Tombs of the Blind Dead Review
Tombs of the Blind Dead enjoys a reputation as a key example of Spanish horror cinema; this particular disc’s sleeve describing it as the country’s Night of the Living Dead. Yet unlike Romero’s 1968 effort it hasn’t quite achieved classic status, but rather exists as a sizeable cult amongst hardcore genre fans. As such we come to it with certain expectations. We’re not just hoping for an enjoyable zombie flick as we normally would with this kind of film, we’re after something distinctive. And certainly, the generic framework – stupid people doing stupid things; locals governed by superstition; the walking dead – is there to be built upon.
The dead in question are the Knights Templar. Quite why they’re walking amongst us isn’t particularly interesting (the usual occultist nonsense), yet their conception is. Indeed, the invention which has gone into them was enough to fuel three official sequels as well as numerous rip-offs. As the title explains they happen to be blind, but this isn’t all. Using only sound (a heartbeat will do) to detect their prey, their rotten skulls still boast beards if not eyes, they ride on horseback in slow motion, and they demonstrate vampiric qualities. All really quite simply, yet all utterly effective.
It’s this level of invention which proves to be Tombs of the Blind Dead’s greatest strength. Writer-director Amando de Ossorio is particularly adept at conjuring atmospheres, at juxtaposing the old and the new: the sun bleached ruins populating the Iberian landscape and the jet setting poolside lifestyle of his chief protagonists. And there are no real longueurs to his film because of this. Even when his characters do the most stupid of things – an overnight stay in a deserted, dilapidated village – we’re still sucked in by the sheer beauty of the surroundings.
Moreover, this serves to override the film’s more commercial concerns. Tombs of the Blind Dead is an exploitation movie, yet such elements have to fight with the visual stylings and only occasionally succeed. A lipstick lesbianism flashback remembered on a railway journey finds the steam from the train invading its visuals, whilst the gratuitous nudity is often reinvented into something more intentionally disturbing (though the BBFC have cut 16 seconds worth of sexualised assault). Admittedly we still get a nasty rape scene with overt misogynist undertones and some of the stylistic tics err on the dated side (crash zooms being de rigueur in 1971), though for the most part de Ossorio is able to rise above the more dubious aspects.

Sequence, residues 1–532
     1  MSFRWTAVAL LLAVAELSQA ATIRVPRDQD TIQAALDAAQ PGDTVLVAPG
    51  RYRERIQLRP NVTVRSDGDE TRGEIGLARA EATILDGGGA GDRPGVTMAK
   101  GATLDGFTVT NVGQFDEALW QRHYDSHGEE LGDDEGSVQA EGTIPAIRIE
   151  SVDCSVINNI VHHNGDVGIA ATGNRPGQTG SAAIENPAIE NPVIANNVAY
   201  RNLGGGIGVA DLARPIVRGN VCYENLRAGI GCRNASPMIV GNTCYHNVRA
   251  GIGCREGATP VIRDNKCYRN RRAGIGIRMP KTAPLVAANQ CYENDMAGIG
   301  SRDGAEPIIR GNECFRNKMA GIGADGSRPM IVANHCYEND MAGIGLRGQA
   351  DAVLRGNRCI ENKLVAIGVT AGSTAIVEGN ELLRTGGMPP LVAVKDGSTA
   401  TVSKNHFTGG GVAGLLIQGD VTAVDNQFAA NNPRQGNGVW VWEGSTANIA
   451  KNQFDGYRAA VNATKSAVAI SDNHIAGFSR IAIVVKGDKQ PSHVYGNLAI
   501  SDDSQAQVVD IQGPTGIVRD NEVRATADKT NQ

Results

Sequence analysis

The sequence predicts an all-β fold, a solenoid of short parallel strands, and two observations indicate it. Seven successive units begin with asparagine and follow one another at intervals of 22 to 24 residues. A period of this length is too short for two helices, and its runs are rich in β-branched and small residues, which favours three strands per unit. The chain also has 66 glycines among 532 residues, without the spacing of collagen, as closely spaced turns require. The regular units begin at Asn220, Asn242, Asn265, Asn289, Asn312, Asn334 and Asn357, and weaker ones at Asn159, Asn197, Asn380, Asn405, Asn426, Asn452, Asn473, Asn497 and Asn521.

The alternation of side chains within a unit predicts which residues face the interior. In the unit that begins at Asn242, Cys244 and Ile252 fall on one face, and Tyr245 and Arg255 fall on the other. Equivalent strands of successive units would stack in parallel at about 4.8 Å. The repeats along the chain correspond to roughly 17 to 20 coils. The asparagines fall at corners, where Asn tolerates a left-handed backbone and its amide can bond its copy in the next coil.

Indeed, they’re often easy to ignore given that it’s the narrative which causes greater concern. For all its inventiveness and imagination Tombs of the Blind Dead remains a superior B-movie and not a genuine classic simply because story-wise it fails to match its other qualities. Despite presenting a set piece early on which reveals the Knights Templar in all their glory, the central narrative thread concerns a couple finding out about their existence. In other words there’s far too much screen time spent in the company of people trying to catch up with the audience – and this really isn’t necessary. As such the suspense comes in fits and starts whilst de Ossorio has to employ various contrivances (an infamous smuggler just so happens to be the son of a leading expect on the Knights Templar) in order to get back to a similar set piece. Ultimately then, we have a film half excellent and half average, though the excellent side does more than enough to explain away most of the fuss it attracts.
Tombs of the Blind Dead is being released either as part of Anchor Bay UK’s The Blind Dead Collection or as an individual release. Understandably, it is the boxed set which holds the meatier extras, though if picked up on its own buyers will still be treated to a fine presentation. We get the film in its original Spanish version (save for the 16 seconds worth of BBFC cuts), in its original 1.66:1 aspect ratio and anamorphically enhanced. On the whole the presentation is fine: colours are as vivid as should be expected, the clarity only wavers on the long shots and the English subtitles are optional. Indeed, it may very well be the case that we are getting the film in as good as condition as possible; the only genuine flaw that I could notice was some moderate flicker during the opening credits and minor, barely discernible instances of damage on occasion.
As said, the soundtrack is the original Spanish mix and not some horrendous English dub. As well as the original mono recording, we also get the choice of optional DD5.1 and DTS offerings. Of course, the purists (myself included) will favour the original, though it must be said that the additional remixes do a pretty good job. Thanks the discordant score and effective sound design, there are enough elements to justify the upgrade and both come of rather well.
The disc’s extras are all welcome even if they don’t add up to a great deal. The alternative opening sees a portentous prologue added which attempted to cash-in on the success of Planet of the Apes (apparently, the apes were eventually killed by the humans but swore that they would rise again – in the form of the blind dead – and wreak their revenge, prompting the alternate title of Revenge From Planet Ape!). Plus there’s an impressively comprehensive collection of lobby cards, posters, production stills and the like. And we also get scratchy trailers for all four official films in the series. As said, all of these pieces are welcome, though the weightier extras are to be found on the fifth disc of the Blind Dead boxed-set.
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Last updated: 19/04/2018 07:09:48